Ray Suarez on the Episcopal Future


By Lu Stanton León writes in a profile of Ray Suarez for the Diocese of Chicago’s magazine, Thrive:

A native of Brooklyn and of Puerto Rican descent, Suarez and his wife, Carole, who is Jewish, currently live in Philadelphia, but home is in Washington, D.C., where he attends St. Columba’s Episcopal Church. For at least three decades he has had a front-row seat to American politics, including hosting NPR’s “Talk of the Nation” from 1993–1999, serving as a senior correspondent at PBS “Newshour” from 1999–2013, and hosting “Inside Story” on Al Jazeera America until 2016. Most recently he was the John J. McCloy Visiting Professor of American Studies at Amherst College. He also has worked as a radio reporter in London and Rome, and as a television correspondent for CNN in Los Angeles and WMAQ-TV in Chicago.

Suarez is much in demand as a public speaker and has been awarded 15 honorary doctorates from colleges and universities. He is the author of several critically acclaimed books including “Latino Americans: The 500-Year Legacy That Shaped a Nation,” a companion volume to the 2013 documentary series for PBS.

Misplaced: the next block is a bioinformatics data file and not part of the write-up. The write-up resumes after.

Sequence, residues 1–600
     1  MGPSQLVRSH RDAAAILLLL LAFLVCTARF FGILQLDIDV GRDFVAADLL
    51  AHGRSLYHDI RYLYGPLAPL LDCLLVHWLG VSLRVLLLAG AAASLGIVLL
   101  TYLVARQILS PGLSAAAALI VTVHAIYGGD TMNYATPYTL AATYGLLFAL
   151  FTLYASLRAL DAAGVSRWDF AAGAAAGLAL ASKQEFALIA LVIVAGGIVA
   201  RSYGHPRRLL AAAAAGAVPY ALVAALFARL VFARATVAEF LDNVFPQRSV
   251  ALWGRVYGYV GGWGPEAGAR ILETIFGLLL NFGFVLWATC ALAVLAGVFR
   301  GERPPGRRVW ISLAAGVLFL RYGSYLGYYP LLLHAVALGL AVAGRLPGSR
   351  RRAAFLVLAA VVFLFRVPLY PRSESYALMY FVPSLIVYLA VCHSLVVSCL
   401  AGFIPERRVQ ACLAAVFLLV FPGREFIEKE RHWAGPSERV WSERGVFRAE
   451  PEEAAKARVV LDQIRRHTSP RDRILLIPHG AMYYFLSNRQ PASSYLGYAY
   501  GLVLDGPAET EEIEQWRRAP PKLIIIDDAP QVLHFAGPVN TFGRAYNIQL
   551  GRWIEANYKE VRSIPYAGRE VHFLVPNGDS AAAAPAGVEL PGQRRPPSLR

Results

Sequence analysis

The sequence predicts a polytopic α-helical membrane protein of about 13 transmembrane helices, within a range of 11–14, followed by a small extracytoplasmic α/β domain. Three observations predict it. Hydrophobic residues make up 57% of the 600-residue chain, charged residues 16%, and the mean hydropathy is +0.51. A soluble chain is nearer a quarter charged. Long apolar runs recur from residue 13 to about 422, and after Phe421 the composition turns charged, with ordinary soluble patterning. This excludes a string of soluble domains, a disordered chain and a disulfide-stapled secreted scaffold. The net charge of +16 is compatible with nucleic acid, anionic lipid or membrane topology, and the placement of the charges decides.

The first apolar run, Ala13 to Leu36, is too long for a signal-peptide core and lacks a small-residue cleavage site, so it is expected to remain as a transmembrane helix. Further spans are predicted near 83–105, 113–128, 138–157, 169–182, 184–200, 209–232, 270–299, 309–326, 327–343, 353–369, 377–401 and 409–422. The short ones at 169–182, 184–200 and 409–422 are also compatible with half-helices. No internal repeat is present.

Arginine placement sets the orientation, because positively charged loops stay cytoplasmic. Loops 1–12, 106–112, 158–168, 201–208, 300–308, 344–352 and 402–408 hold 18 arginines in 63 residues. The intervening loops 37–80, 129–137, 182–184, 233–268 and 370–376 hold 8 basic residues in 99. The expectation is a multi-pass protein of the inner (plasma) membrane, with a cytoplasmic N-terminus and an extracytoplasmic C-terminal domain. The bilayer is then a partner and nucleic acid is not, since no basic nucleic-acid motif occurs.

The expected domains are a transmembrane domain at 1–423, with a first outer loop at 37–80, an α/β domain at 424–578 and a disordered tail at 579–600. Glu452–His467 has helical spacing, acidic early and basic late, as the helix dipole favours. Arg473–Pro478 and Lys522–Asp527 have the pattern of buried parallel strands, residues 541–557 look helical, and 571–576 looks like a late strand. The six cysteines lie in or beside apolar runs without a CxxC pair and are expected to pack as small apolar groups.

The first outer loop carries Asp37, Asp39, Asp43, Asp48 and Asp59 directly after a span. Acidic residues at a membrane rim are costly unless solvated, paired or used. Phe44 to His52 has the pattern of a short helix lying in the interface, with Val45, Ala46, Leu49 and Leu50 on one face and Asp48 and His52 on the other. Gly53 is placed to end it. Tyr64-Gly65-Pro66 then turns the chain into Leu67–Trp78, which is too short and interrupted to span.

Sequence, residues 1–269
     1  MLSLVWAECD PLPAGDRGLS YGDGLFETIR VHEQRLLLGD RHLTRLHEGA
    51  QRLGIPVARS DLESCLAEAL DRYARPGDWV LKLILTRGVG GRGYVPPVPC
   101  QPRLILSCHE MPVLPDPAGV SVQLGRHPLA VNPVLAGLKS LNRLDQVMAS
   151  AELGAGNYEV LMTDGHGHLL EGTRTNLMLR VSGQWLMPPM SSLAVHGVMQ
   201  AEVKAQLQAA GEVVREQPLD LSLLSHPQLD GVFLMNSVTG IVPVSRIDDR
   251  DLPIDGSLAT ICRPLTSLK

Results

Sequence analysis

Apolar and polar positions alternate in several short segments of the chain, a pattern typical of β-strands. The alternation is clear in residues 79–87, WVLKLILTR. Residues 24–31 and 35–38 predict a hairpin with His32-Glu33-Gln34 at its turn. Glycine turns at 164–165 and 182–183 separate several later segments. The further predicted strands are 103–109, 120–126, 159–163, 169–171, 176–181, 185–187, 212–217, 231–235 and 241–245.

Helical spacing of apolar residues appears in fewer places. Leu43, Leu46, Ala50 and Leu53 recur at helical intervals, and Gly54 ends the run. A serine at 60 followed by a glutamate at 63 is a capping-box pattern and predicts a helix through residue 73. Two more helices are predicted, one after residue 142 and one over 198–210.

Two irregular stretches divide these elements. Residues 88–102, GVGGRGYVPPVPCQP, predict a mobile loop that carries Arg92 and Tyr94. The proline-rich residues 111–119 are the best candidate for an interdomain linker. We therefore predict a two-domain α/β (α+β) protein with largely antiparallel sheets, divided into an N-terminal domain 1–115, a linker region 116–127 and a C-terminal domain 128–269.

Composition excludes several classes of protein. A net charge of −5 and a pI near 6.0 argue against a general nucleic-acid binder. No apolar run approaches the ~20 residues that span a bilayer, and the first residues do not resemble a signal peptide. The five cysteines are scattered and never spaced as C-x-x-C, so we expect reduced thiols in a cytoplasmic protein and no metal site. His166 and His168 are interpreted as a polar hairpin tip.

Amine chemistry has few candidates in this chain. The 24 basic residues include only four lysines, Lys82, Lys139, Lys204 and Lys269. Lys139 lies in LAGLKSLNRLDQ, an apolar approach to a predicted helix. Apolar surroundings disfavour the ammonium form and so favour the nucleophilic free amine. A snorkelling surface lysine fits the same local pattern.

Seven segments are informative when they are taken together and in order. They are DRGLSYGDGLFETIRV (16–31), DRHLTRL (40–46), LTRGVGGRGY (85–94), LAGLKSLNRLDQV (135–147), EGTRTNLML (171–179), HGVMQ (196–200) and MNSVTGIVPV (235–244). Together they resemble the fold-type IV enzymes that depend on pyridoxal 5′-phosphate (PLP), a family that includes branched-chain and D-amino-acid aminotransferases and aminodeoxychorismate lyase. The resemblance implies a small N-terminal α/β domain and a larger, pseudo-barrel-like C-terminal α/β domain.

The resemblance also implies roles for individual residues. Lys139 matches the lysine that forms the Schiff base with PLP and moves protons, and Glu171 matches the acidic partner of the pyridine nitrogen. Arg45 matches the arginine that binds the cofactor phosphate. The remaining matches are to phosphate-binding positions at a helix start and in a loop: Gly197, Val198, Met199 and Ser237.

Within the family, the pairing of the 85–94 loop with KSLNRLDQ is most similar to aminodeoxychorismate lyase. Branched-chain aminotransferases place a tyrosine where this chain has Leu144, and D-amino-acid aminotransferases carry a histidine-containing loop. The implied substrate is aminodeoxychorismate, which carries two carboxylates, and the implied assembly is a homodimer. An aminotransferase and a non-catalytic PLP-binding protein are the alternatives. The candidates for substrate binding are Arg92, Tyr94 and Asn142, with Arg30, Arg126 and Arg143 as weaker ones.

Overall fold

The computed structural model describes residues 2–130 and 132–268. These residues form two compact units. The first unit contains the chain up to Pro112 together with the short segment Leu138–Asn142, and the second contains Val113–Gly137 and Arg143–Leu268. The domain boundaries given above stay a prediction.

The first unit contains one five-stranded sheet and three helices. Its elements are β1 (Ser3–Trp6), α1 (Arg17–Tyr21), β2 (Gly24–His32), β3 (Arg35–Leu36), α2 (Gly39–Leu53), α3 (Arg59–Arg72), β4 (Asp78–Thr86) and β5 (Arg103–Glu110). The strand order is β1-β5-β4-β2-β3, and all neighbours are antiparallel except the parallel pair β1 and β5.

His perspective on the church’s future draws heavily on the long view he has cultivated during his career in journalism.

“There’s too much handwringing about the church is too this or too that. The church is too white or the church is too rich,” Suarez says. “We can’t change 1950, or 1850 for that matter. All we can fix is what happens from now on. It’s not something that happens overnight. We have a liturgical tradition. We have an origin story and have created a church that is largely high income and highly educated — more than many other churches. What are we going to do, wring our hands about that? That’s what we are. But we have a new group of people to talk to, to love and make part of our story.”


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